Playing at horses is such favorite amusement with most of our
little friends, that I fancy a clever girl who is able to knit would like to
try whether she could make some ornamental reins, like those in the picture.
The knitting forms a sort of covering, or tube, through which a strong cord
is passed, with metal rings slipped over it to make loops for the pony's
arms. (That sounds rather funny, does it not ?)
the knitting is done with a thick soft yarn, the reins do not chafe the
driver's hands in the way some of the braid or ribbon reins are apt to do.
The ornamental rings may be finished with a little bell when they are sewn
on to the reins. They are made by means of a doubled piece of wire joined
into a round, the wool tied, firmly on, and then wound round a piece of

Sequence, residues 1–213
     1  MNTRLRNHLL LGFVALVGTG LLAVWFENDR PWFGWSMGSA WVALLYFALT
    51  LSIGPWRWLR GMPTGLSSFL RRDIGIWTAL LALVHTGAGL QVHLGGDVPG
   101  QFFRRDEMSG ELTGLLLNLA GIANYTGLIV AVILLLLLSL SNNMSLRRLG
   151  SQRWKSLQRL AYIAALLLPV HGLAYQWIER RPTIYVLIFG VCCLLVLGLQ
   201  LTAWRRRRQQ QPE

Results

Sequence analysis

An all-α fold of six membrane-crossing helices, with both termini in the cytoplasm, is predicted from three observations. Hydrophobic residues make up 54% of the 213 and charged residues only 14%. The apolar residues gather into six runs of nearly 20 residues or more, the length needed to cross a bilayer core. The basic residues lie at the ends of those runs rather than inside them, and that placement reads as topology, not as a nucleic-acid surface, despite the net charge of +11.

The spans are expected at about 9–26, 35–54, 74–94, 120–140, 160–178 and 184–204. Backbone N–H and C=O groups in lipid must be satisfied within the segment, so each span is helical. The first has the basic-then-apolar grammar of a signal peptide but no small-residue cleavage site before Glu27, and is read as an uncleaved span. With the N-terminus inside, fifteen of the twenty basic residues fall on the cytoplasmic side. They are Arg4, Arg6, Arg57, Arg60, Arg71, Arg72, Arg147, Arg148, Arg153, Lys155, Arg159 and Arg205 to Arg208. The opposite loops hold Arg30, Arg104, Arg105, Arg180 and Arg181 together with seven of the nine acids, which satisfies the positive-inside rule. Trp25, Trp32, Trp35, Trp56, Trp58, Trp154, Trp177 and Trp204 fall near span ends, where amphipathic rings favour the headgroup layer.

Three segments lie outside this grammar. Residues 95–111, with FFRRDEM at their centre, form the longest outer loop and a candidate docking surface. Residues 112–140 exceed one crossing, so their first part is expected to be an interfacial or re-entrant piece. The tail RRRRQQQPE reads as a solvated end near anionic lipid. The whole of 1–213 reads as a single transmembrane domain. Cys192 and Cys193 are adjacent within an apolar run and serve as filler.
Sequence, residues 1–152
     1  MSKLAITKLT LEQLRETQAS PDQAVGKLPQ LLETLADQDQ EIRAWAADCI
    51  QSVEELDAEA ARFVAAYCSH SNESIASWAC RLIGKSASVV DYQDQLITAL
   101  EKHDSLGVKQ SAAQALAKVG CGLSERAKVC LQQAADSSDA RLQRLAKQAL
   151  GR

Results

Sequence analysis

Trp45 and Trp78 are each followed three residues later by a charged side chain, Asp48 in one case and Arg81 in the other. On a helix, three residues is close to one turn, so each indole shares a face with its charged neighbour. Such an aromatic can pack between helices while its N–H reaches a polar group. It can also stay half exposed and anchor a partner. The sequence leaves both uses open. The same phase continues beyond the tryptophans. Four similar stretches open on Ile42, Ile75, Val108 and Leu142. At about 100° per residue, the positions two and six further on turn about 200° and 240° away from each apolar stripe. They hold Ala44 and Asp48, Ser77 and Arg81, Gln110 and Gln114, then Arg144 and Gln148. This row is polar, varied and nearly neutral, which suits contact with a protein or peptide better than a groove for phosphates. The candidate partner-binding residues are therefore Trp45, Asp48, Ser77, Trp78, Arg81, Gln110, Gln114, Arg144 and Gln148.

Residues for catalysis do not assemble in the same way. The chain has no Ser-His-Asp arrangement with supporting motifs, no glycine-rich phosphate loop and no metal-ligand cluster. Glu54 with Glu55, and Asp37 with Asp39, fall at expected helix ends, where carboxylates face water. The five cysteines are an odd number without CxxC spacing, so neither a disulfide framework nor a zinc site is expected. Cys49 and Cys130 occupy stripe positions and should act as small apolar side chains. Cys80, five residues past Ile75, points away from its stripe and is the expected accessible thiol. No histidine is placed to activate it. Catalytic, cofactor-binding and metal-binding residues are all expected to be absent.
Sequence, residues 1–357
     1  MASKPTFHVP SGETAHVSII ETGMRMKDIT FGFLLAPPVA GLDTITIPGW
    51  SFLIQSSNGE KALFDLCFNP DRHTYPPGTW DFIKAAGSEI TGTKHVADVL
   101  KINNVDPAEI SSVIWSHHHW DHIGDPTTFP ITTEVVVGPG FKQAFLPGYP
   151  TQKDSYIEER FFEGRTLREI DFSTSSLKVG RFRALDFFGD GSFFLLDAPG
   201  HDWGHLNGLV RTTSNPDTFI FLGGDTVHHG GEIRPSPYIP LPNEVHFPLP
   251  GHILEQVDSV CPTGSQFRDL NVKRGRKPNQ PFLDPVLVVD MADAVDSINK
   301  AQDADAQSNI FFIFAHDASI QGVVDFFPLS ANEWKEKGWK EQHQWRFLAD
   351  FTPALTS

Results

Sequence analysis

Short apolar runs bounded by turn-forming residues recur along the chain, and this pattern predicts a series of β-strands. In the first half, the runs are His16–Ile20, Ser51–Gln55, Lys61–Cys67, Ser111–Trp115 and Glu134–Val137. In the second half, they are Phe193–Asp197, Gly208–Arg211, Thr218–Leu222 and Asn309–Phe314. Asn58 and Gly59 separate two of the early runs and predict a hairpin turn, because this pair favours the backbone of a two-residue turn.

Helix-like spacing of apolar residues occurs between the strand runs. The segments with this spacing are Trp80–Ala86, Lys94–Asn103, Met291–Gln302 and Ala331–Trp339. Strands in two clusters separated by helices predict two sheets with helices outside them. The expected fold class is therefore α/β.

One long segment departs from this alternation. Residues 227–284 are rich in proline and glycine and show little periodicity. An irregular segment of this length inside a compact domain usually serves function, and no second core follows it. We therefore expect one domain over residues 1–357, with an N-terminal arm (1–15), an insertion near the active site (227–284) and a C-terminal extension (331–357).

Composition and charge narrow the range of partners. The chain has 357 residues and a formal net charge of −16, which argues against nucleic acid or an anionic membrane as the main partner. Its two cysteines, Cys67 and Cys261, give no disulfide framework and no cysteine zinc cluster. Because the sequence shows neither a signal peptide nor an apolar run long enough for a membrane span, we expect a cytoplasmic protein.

cardboard or wool, about an inch wide, to make the loops, one at a time of
course; the wool is slipped up between the wires, and twisted round the top
one to fix the loop firmly.
reins are made in double knitting, and as can be seen in the detail, the
work can be pulled apart for the cord to be run through it. It is begun by
crocheting eight chain-stitches very loosely, and joining them in a ring.
Then the chain stitches have to be picked up on to a knitting needle,
alternately one from the front and one from the back half of the ring, and
care must be taken to slip the needle into the back thread of the
chain-stitch. Then knit backwards and forwards until you have made a
sufficient length; slip the first stitch, knit the next *, put the wool
before the stitch as though you were going to purl, but merely slip it off;
repeat twice from *, and knit the last stitch. ... from 1892